The Maltese Constitutional Court in its decision of the 19th of February 2020 has consolidated the reasoning recently embraced by the Maltese Superior Courts in the context of affording an effective remedy to tenants, who have long time been discriminated against in view of the topical rent scenario and the application of the rented property legislation regulated by Chapter 158 and Chapter 69 of the Laws of Malta and Act X of 2009 effectively bringing about automatic renewal of the rent and failing to strike a fair balance between the interests of the landowners and of the tenants. A disparity  considered to be a hindrance to the landowners in securing satisfactory real income and enjoyment of their own property and thus in contradiction with their rights safeguarded by Article 1 of the European Convention on Human Rights and Article 37 of the Maltese Constitution. The decision is yet another one in the space of a few months to reiterate the conclusions of the same Court as differently composed eight months ago , a finding subsequently confirmed in successive judgements.

Background on rent decision

On 19th February 2020, the First Hall (Civil Court) in its Constitutional Jurisdiction as presided over by Madam Justice Anna Felice delivered a decision on strength of recent national judgements and of EctHR case-law in which the Court declared that the application of the rent regulating laws breached the fundamental human rights of plaintiff Emanuel Ciantar, an owner of a warehouse in Marsa – which property was being rented for a miserely €2.91 a day payable every six months in advance. This property had been bequeated to Ciantar by his father by virtue of a deed published in 1991. Mr. Ciantar’s father had rented the warehouse to Grech and Co. Limited on October 1975 thereby regulated by Chapter 69 of the Laws of Malta. As described by the plaintiff in his writ of summons, the property was situated in a commercial area which, also considering its proportions (377m2) had the potential of generating between €30 and €50 a day. Ciantar explained that as soon as he had inherited the property, he made efforts to persuade the tenant company with an increase of Lm5 (€11.65) per day over the said property, including with the issuance of an official letter. The company declined and this resonated with the decision taken by the Rent Regulation Board in 2004 by which the Board held that there were no prospects for an increase in rent on the said warehouse. To make matters worse for Ciantar were the draconian restrictions of the law itself given that so long as Chapter 69 remained in force all hopes of claiming back possession of the warehouse leased as a ‘shop’ were futile.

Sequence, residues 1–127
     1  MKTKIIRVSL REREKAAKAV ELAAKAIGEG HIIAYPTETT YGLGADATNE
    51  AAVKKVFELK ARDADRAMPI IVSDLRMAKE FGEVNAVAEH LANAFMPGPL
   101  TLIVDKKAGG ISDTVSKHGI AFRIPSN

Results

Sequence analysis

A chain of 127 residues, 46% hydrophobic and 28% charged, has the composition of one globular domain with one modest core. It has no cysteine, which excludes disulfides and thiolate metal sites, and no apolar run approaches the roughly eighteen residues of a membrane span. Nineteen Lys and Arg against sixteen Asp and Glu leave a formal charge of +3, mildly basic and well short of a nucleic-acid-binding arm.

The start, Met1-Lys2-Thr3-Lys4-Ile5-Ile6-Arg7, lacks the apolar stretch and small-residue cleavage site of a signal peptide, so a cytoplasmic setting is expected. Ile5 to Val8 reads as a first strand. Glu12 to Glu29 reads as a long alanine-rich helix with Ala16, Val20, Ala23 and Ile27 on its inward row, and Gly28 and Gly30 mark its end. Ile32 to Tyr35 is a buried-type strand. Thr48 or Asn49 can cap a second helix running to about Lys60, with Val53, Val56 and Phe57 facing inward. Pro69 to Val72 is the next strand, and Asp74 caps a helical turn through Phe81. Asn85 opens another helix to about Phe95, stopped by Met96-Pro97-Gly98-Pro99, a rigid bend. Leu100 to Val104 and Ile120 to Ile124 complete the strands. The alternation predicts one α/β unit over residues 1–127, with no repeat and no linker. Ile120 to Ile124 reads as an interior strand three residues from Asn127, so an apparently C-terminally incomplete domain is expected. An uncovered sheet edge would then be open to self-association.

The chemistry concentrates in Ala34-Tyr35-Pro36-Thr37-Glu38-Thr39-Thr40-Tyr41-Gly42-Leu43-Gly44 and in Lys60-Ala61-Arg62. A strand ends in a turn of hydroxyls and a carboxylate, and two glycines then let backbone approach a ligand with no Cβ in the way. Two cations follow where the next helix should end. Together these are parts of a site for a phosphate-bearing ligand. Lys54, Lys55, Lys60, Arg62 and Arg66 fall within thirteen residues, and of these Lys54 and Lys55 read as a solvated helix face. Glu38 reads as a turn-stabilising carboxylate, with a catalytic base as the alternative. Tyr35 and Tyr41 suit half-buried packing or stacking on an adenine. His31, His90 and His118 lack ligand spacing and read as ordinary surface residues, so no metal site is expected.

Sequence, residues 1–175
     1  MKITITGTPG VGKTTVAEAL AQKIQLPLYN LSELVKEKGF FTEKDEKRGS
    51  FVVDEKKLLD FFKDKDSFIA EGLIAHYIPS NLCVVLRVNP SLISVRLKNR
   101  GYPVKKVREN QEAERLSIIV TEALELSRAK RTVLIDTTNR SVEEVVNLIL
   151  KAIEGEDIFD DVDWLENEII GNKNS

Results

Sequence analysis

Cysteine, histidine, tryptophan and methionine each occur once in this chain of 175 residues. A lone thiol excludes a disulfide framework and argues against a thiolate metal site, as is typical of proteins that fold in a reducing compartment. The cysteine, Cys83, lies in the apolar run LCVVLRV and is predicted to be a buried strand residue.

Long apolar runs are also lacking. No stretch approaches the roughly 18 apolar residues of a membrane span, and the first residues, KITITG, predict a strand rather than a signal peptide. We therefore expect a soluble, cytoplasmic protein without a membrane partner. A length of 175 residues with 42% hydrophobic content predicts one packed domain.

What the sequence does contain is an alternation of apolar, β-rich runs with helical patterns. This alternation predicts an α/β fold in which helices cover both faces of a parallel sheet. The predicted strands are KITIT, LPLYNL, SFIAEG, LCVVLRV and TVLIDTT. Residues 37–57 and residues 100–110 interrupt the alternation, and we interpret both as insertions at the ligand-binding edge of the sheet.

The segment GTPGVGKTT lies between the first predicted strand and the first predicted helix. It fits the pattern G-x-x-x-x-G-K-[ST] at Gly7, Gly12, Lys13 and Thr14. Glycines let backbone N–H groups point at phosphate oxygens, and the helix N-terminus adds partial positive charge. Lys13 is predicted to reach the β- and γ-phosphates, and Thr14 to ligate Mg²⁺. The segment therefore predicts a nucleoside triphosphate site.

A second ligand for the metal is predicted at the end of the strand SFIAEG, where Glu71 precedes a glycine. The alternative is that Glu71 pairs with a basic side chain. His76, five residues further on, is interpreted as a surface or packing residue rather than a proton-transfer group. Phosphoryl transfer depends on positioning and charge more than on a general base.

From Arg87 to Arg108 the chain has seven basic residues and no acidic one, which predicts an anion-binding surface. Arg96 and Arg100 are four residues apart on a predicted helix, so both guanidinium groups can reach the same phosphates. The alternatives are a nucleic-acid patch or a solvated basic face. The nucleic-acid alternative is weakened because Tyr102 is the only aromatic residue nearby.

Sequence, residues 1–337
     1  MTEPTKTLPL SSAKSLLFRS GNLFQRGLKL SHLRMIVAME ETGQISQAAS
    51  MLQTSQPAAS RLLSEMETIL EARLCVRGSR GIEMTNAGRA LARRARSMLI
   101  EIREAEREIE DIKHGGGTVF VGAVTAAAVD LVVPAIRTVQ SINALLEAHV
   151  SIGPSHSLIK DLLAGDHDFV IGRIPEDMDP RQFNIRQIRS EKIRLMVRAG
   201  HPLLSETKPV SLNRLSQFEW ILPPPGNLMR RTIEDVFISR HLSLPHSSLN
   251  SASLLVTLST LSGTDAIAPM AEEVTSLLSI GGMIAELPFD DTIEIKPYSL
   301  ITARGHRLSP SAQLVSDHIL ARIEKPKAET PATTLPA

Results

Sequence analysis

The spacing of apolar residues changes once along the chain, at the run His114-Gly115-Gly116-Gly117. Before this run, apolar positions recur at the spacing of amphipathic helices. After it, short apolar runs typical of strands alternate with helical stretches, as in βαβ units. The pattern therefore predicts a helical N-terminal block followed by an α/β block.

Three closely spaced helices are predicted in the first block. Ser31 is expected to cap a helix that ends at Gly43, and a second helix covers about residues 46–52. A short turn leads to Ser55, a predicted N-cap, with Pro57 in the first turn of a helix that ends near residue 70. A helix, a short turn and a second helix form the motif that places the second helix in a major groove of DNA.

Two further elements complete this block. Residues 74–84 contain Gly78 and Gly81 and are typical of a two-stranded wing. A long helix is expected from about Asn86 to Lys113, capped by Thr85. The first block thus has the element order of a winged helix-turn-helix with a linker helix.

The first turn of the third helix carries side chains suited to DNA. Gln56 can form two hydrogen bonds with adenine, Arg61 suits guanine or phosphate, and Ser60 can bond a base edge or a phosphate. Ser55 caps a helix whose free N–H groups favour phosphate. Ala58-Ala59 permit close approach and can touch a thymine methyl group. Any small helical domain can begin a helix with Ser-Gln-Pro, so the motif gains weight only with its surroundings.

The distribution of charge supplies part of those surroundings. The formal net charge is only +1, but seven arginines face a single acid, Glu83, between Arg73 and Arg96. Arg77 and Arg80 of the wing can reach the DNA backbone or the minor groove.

Court’s forma mentis

In view of the adversities, the plaintiff called upon the Constitutional Court to tip off the balance in his favour and in concrete terms declare the unconstitutionality of the provisions of the Reletting of Urban Property (Regulation) Ordinance as a 1930s legislative remnant and have his right to enjoy property unfetteredly restored. The Court made reference to European case-law, notably Amato Gauci vs. Malta (App no. 47045/06) on the requirement of proportionality: